“I’m over here!” I called out.
One of them turned on her flashlight and pointed it in my direction. I was, at this point, halfway out of the bushes, trying to hold up Soda’s back end.
“Are you okay?” one girl asked.
“Yeah,” I said. “I mean, I’m getting kinda used to this. My dog’s been really sick and she just needs a lot of help.”
Soda – head still tilted to one side, slowly lurched towards them… probably looking more like a small black bear that’d just been shot than an old dog.
“Gee,” said another one of the girls, “she doesn’t look so good.”
“I know,” I said.
Soda proceeded to stumble past them and flop on the front lawn. It was starting to rain.
I sighed and turned to the girls. “So what can I do for you?”
It turns out they were Mormon missionaries.
“Do you believe in God?” one girl asked.
“Yeah,” I said, rather suspicious of their timing.
Then, I kid you not, the same girl asked me, “And how does God appear in your life?”
“Well,” I said, “call me crazy – but it seems like this situation might be a good example.”
I had no idea how right I was. For after they left, I sat on the front lawn beside Soda. She was sound asleep again – except that now, I couldn’t leave her alone because she was three feet away from a busy road. And it hit me: the time had come to let Soda go.
So after yet another good cry, I went inside and, with one eye on Soda, took a deep breath and called the mobile vet on call. A woman answered right away. I told her Soda’s situation – and that I thought it wasn’t right to be keeping her in this state.
“I think it would be best,” I said, “if you came and put her down.”
“I hear what you’re saying,” said the stranger on the other end of the line, “and I understand your concern. And believe me, it is under very rare circumstances that I would disagree with a pet owner because you know Soda; I don’t. However, Old Dog Vestibular Disease is one of those rare circumstances where I am going to strongly encourage you to reconsider. Soda is eating and drinking and able to walk on her own… those are all signs that she is healing. She just needs time. Keep her warm and safe and let her rest and there’s an 80% to 90% chance that she’ll fully recover.”
I hung up the phone with a completely different attitude and a newfound sense of hope.
Maybe Soda was going to pull through? Maybe I just needed to have faith in her ability to heal – at her pace – and my ability to provide the conditions in which she could. And furthermore, maybe the vet was an example of how Divine Intervention can appear in our lives: someone to give us hope when we are no longer able to find it ourselves.
At any rate, that vet saved Soda’s life – and she probably inadvertently saved mine, too. For let’s be honest here: if my home and the residents in it had truly been “fully functioning” prior to Christmas, then merely helping out my mom for two weeks wouldn’t have caused the wheels to fall off.
Rather, my Mom’s visit turned out to be a much-needed catalyst that, once the dust had settled and the dog was on the road to recovery, forced me to take a good hard look at my work-centred life. Perhaps it wasn’t a coincidence that Soda’s symptoms were that of a creature totally off balance?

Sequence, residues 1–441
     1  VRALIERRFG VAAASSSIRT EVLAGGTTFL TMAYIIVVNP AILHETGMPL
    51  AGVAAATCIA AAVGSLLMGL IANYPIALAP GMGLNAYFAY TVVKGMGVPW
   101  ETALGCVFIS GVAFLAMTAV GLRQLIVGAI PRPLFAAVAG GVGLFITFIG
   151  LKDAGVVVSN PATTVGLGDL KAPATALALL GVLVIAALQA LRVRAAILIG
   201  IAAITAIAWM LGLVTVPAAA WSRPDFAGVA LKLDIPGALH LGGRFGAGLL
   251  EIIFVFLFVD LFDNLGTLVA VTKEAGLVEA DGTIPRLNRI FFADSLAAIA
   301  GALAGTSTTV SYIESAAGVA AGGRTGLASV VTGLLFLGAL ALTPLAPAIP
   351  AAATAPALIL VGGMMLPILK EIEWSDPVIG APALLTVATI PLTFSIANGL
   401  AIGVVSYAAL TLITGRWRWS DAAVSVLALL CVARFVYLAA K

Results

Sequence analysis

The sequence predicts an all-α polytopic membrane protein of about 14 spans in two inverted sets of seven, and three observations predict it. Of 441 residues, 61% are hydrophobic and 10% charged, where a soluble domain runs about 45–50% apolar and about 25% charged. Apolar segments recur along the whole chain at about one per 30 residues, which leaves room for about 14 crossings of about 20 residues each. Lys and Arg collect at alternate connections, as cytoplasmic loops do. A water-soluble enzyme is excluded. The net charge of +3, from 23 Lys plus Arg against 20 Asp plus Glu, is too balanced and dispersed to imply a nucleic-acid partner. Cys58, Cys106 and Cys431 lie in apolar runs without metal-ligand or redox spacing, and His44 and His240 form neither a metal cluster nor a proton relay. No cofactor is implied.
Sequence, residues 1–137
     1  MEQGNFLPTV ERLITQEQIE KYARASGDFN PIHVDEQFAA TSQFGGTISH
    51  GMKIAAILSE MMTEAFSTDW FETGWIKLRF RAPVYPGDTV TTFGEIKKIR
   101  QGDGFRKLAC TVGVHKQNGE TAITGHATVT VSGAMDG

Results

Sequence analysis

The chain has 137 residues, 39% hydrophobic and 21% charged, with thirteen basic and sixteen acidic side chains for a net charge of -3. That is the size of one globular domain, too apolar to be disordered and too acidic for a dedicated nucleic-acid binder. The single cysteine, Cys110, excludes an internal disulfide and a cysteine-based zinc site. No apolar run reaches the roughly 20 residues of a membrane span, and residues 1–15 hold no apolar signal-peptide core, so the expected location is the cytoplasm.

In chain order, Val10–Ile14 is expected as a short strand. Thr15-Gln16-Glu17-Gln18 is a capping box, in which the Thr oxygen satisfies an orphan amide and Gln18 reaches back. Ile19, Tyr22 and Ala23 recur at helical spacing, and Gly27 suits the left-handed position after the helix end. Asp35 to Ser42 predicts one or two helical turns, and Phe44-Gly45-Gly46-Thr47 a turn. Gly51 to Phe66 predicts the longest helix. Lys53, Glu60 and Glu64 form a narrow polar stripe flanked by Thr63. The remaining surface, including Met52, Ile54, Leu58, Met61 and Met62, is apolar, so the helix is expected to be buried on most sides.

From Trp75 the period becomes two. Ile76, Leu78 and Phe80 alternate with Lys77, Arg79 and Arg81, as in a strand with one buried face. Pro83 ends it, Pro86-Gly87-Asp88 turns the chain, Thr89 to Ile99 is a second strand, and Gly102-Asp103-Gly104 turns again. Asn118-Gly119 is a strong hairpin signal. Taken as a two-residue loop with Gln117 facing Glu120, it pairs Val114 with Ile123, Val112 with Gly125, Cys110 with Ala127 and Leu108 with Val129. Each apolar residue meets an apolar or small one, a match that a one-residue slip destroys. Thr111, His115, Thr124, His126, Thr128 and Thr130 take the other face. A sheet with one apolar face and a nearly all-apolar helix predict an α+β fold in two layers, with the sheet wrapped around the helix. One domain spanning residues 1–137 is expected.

So I asked a friend – a massage therapist – if she thought it was possible that our issues can manifest in the health of our pets.
“Absolutely,” she said. “Soda is picking up on your energy… she’s your canary in the coal mine. That’s what stress will do to you.”
Then, a couple of weeks later, I told another friend how concerned I was that Soda, though doing much better, was now spending all of her time outside… away from me.
“Well,” he said, “she’s either preparing to die out there – or she’s resting where she’s most comfortable. She knows what she needs.”
True enough. By February, Soda made a 100% recovery. In fact, I would say she was more mobile and alert than she was before Christmas – because she lost some weight! And when she felt comfortable enough, she even came inside again… to be with me.
As for my Mom, once she was back home again, she called to tell me the doctors were happy because she gained 14 pounds thanks to the feeding frenzy at my place!
That Christmas taught me that when things started to fall apart all around me, I had no choice but to put everything else on hold and attend full-time to caring for my elderly Mom and senior dog. Once I relaxed enough to recognize the lessons hidden in the challenge, I began to realize what a gift that difficult experience was.
“The way you look at things is the most powerful force in shaping your life.”
– John O’Donohue, Anam Cara; A Book of Celtic Wisdom
And once the crisis had passed, I really strived to live and work at a slower pace and enjoy the time I had left with Soda because I knew it was limited. Day by day, I figured out how to lead a more balanced life because I realized that if I couldn’t learn to do this for myself, then the least I could do was do it for the ones who were closest to me.
Sadly, my Mom passed away suddenly in March – four days after her hip surgery. Soda died six weeks later. Though heart-broken by both deaths, I am very grateful for the time we had together over Christmas. For as it turned out, caring for my Mom and Soda was also my final gift to them.
Maryanne Pope is the CEO of Pink Gazelle Productions and the author of the creative non-fiction book, A Widow’s Awakening. Maryanne also writes play scripts, screenplays and blogs and is a powerful inspirational speaker. For further details on A Widow’s Awakening and Maryanne’s other projects, please visit http://www.pinkgazelle.com/. To sign up to receive Maryanne’s weekly inspirational blog, please visit http://www.pinkgazelle.com/contact/weekly-words-of-wisdom-subscription/.